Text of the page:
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Breizh is a name and a place and a dog in France

Cabanon melisse

Exercising restraint after posting a recent slew of dog photos. Enjoy some flowering melisse (lemon balm) and this stone cabanon instead. (More about dogs in today's column...)

Breizh (pronunciation uncertain. Here we say BREZ)

    : in the Breton language, Breizh means "Brittany"

Breizh, le nom breton de la Bretagne, vient lui d'un ancien Brittia. (Wikipedia)
Breizh, the Breton name for Brittany, comes from the ancient "Brittia".



A DAY IN A FRENCH LIFE... by Kristin Espinasse


Our Dog formerly known at "Braise"

The photo at the end of Monday's post led to a few alarmed emails: "Is everything OK with Braise?" one reader wrote in. Another was more direct, "JUST WHERE IS SHE? WHERE'S BRAISE?"

Clicking shut the emails, wave of guilt rushed over me. It's true, my thoughts began. You always photograph Smokey! You never post pictures of Braise. Why is that? Why?

(
And here, right now as I type this, caring words from my Dad return, just in the knick of time: "You think too much! Relax and enjoy life.") 

1-smokey tomato

One of the things I enjoy in life--one thing that relaxes me greatly--is photographing our 4-year-old golden retriever, Smokey. Training my lens on him--framing him within a variety of botanical backdrops--helps calm an overactive imagination (read "worry,"not "creativity"). In between writing and doing housework, chasing Smokey around the vegetable patch with my camera soothes a certain "go nowhere" agitation--the feeling that I should be doing something consistently, or face the fact: no matter how busy I'm nothing more than a sack of lazy bones.

Braise hollyhock

Blame the news (pestilence, war, climate change), but lately photographing Smokey has become an obsession--to the point where my social media feeds are clogged with dog.  I'm still reading the news, but these photo shoots help not to focalize on it.

But today's post is not about Survivor SmokeyBack to alive-and-well Braise (Smokey's 9-year-old mama--pictured above!). While she may not be my camera's muse, she became an inspiration in her own right the instant we met her at the dog pound. The year was 2006....

If a golden retriever could be homely she was--there in the shadow of her porcelaine-faced sister. Peering into the small cage, our family--including a then 10-year-old Max, an 8-year-old Jackie--were amazed by the rejected pups. Who would give up a couple of golden retrievers?

"Their mother was a breeder..." the woman at the animal rescue explained. "This was her last portée, or litter, and there were no buyers for these two."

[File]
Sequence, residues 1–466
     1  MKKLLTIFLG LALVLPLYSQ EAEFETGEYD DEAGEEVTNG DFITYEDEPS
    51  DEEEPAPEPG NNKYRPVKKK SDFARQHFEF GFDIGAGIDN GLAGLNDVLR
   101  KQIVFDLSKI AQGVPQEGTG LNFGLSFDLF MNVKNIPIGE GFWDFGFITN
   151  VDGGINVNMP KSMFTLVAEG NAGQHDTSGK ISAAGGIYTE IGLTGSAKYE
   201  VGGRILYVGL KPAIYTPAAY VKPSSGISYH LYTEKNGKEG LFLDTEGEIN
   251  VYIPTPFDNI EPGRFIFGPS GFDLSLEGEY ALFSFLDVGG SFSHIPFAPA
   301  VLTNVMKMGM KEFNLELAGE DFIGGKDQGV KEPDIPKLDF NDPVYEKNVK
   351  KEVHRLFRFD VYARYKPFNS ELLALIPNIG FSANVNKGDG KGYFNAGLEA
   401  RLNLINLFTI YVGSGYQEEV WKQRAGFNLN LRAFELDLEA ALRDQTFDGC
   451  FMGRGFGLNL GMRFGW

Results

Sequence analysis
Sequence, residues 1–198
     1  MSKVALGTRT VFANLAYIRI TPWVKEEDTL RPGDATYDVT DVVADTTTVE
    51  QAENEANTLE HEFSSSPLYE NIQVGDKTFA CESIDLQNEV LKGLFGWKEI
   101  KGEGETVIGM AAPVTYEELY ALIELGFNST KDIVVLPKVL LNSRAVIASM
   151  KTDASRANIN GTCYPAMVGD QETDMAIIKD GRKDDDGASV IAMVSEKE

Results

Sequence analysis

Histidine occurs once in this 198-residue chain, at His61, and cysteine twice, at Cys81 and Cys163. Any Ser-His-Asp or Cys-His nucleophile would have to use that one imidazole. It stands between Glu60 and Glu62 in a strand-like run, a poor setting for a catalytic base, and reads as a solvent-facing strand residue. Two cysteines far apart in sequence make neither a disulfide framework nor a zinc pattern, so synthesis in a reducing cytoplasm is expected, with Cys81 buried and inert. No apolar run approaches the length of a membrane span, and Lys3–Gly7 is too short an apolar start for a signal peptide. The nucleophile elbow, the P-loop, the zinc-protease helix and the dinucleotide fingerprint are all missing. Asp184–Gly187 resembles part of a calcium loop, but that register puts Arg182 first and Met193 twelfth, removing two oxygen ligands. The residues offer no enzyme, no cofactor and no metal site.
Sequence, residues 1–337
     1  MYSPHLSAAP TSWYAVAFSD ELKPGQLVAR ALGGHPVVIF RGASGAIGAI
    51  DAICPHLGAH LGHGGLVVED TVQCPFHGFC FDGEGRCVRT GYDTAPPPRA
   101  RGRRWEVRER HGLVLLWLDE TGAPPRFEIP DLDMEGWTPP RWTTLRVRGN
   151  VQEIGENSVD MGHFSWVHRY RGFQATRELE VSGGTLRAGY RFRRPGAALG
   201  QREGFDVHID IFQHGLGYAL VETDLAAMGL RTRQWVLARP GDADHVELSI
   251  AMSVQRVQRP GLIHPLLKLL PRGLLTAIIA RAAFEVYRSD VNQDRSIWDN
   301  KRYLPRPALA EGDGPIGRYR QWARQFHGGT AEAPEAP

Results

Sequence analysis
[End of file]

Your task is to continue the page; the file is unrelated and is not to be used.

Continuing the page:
The trailer floor creaked as we stood up in the office of the animal rescue, where the puppies had just been abandoned. Huddled together now, it was time for our little family to make a decision. We had not set out on a search for goldens ("mutts are more intelligent," my Mom had hinted, when we began our search, which led us, eventually, to the French town of Le Muy--and down a dusty back road to a dog dump.

Kneeling to the floor once again, we gazed into the cage when the runt of the litter--the homely girl who initially cowered back--stepped forward in her little cage, leaving her beautiful sister in her shadow.

"I would like to call her Breizh*" Jean-Marc said, locking eyes with her.

"OK..." I agreed. A big deep breath later and we were barreling out of the dog orphanage, lest the owner come to her senses and reclaim the golden angel she'd given up.

In retrospect we should have taken both goldens. Kept the sisters together. But at that moment in time, one dog was as big of a decision as we were able to make. And when four years later Breizh gifted us with a baby, Smokey (the only male in a litter of 6), it was as though the heavens forgave us our oversight.

As for oversight, it took seven years to learn how to spell my dog's name. When my husband suggested "Breizh", I heard "BREZ" and wrote it down as "Braise" for the stories I would write about her. But I would like to correct that error now and, from here on out, pen our golden girl's name in Breton. "Breizh" is how the locals up north would write it. Breizh it is.   

Speaking of locals, a motley cast and crew is calling me now, brightly-colored characters from the backyard veggie patch! The tomatoes and basil and hollyhocks--and we'll see what else is ripe--they're ready to frame Smokey, once again. I think they're as obsessessed as I am. Anything to take their minds of climate change!

See you next time,

Kristi

Sarriette

Sarriette (savory), strawberries, basil, estragon (taragon)... they love sharing the spotlight with Smokey. Need to mark "fines herbes" on that upended ash shovel (swiped it from Jean-Marc)

Cosmos-in-oct

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